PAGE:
Texas Agriculture September 16, 2016 : Page 12

Promise of H-2A program wilting at Arnosky Family Farms By Gary Joiner Editor Frank Arnosky believes he could probably double his family farm’s business tomorrow if it only had more labor. He has the market for it. Missing are workers to harvest the farm’s commercial cut flowers that grow between Blanco and Wim-berley. Local workers aren’t interested. Only three area residents in the last 14 years have applied for the 120 har-vest jobs offered during that period. That leaves Arnosky and his wife Pamela, longtime Texas Farm Bu-reau members, relying on the federal H-2A visa program—a temporary work visa for foreign workers to per-form seasonal agricultural work in the U.S. Arnosky Family Farms currently has four H-2A workers harvesting flowers. More are desperately needed. The farm also employs eight resident workers—full-time or part-time—in other areas of the farm. Relying on the H-2A program also means growing increasingly frustrat-ed with administrative delays and inefficiencies. He said workers from Mexico were delayed four weeks this season by administrative hurdles and seemingly arbitrary decisions on a year-to-year application by federal administrators. The delay in arrival meant $40,000 in lost harvest pro-duction. “It’s an uphill battle every single year to get these visas. The program works, if it’s allowed to work, but there are so many administrative snags,” he said. “From a farmer’s point of view, it feels like you can nev-er get the process complete.” Arnosky noted the H-2A program and the larger issue of immigration are separate. As an employer, he provides worker housing and trans-portation. He’s subject to federal in-spections, audits and wage-and-hour reviews. In fact, the hourly wage paid to his H-2A workers is higher than the “living wage” recently adopted in San Francisco, Calif. “We’re doing the right thing. We don’t hire undocumented workers,” Arnosky said. “We want our workers to have a safe and secure way to come to work, work for us and then return home to Mexico. We also need a work-force we can count on.” Each of the H-2A positions filled on his farm also generates two American jobs. He said the impact statement holds true for many other farms as well. “H-2A isn’t taking away jobs. It’s producing jobs. Without our crew helping us harvest this, we don’t have people packing in the shed. We don’t have drivers. I can’t afford my farm manager. I don’t buy equipment, and I don’t buy supplies,” he said. “We generate a great deal of money into the economy with H-2A help. So, it’s very important.” Arnosky Family Farms grows about 75 different flowers on its 20 acres and in its 22 greenhouses. Its biggest sellers are sunflowers, zin-nias and marigolds. Mixed bouquets are produced year-round. The commercial cut flowers, identi-fied by the farm’s Big Blue Barn logo, are sold in grocery store chains in Texas and in three to four surround-ing states. The farm operates a small market at the corner of FM 2325 and FM 165 (16 miles west of Wimberley on FM 2325 or 8 miles east of Blanco on FM 165). 12 S EPTEMBER 16 , 2016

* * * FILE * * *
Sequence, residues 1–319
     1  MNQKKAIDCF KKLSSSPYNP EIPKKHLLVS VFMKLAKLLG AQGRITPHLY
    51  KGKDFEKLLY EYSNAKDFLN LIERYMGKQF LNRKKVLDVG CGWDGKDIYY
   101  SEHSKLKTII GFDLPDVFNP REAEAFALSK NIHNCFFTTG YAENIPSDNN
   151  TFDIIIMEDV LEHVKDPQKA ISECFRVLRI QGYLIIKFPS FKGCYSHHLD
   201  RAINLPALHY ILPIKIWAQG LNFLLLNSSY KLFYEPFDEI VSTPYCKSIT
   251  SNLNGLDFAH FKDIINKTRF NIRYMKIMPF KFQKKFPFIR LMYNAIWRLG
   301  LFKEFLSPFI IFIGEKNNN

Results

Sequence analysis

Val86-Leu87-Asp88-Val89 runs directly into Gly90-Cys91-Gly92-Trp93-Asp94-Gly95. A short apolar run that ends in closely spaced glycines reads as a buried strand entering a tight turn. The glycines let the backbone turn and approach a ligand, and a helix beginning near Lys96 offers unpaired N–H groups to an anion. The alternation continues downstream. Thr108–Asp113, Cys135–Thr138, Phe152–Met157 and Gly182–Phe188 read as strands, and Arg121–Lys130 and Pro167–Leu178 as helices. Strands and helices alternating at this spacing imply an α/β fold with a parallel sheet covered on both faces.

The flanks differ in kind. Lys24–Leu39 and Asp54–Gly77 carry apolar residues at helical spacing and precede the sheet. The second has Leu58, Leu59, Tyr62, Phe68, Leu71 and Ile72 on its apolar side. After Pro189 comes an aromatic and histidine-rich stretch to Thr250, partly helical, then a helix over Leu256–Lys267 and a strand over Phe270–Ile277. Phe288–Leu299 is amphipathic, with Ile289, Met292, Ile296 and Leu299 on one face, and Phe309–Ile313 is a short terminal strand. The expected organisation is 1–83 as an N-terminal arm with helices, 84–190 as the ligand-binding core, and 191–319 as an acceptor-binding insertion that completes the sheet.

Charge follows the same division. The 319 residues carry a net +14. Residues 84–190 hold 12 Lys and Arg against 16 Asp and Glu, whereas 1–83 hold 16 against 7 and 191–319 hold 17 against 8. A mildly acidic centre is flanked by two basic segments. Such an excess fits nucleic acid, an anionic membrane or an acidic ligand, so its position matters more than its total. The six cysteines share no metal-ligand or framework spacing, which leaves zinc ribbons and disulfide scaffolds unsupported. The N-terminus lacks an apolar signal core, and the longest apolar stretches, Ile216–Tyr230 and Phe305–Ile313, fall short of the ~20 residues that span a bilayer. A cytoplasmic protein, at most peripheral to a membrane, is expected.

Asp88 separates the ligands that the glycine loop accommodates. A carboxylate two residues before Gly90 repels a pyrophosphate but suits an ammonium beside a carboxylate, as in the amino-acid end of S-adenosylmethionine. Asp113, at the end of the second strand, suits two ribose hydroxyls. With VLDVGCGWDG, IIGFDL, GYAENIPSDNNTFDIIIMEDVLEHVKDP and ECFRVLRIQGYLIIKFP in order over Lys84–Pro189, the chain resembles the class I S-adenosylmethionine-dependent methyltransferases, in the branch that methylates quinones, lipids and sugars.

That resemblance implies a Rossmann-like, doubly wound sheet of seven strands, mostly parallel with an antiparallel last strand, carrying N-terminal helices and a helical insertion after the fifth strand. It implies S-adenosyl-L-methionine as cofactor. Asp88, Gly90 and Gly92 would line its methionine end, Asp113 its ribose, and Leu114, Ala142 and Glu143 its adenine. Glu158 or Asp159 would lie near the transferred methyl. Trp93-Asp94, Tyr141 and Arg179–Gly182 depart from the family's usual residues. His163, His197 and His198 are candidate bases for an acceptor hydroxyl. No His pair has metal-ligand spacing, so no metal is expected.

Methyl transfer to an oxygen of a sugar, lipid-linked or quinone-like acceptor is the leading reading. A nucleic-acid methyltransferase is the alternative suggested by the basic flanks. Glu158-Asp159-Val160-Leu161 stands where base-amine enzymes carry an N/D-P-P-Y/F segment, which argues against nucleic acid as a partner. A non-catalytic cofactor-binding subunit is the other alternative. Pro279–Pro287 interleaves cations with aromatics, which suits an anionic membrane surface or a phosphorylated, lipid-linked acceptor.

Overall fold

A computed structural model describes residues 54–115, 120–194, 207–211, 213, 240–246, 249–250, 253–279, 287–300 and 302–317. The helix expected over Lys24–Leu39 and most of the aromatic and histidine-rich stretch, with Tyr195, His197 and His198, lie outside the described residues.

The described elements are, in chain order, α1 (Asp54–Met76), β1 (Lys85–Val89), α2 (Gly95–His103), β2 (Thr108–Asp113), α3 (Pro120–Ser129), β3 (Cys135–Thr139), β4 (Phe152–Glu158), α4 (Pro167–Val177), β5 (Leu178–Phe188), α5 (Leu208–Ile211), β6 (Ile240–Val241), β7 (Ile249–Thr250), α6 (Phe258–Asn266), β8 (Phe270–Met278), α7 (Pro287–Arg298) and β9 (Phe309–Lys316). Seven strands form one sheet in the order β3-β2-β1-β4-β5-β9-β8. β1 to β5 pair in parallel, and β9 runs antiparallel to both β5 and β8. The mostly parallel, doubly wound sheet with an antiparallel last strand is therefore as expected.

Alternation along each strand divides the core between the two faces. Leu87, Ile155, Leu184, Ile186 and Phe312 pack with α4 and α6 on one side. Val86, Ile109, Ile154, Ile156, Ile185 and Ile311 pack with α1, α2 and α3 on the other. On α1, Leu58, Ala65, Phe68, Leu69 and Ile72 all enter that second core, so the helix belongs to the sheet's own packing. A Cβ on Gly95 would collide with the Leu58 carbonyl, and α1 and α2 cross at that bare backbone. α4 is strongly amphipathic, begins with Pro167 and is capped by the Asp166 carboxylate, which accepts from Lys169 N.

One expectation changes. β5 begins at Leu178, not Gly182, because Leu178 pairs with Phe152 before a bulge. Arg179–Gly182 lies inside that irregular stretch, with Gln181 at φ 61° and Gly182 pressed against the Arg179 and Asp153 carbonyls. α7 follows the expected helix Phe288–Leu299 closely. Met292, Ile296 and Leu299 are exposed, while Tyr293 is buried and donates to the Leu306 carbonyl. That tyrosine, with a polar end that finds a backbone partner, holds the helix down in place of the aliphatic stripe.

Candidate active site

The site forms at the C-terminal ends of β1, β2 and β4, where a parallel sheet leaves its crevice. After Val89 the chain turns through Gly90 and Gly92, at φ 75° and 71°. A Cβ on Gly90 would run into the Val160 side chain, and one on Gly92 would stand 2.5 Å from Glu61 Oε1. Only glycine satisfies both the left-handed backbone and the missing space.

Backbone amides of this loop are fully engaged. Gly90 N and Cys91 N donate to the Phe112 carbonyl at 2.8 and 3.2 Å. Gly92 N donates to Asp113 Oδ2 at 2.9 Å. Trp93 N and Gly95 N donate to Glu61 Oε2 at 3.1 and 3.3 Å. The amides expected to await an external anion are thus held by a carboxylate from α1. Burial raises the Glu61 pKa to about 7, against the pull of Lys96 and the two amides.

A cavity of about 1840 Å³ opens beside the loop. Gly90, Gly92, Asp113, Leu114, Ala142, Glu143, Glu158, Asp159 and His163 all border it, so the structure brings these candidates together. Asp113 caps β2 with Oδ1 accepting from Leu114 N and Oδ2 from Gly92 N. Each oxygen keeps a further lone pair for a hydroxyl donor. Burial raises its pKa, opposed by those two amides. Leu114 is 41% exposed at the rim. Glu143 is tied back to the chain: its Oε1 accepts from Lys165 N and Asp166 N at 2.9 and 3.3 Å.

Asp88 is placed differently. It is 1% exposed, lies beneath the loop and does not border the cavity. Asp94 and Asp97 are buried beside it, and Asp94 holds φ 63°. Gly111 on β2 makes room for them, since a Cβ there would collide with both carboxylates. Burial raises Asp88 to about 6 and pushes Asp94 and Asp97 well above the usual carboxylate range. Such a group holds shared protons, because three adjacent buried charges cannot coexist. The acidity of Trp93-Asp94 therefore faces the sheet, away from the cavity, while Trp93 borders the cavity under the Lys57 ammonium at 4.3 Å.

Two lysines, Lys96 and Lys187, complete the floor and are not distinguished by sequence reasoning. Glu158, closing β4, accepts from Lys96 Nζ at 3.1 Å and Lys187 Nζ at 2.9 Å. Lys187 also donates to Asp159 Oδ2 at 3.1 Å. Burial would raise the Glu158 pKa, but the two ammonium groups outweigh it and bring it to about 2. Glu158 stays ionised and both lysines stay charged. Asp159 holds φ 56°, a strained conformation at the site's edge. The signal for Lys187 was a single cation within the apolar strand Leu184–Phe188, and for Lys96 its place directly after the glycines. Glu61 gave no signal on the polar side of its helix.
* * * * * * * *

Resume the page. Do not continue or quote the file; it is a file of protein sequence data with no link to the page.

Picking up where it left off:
Promise of H-2A Program Wilting at Arnosky Family Farms

Gary Joiner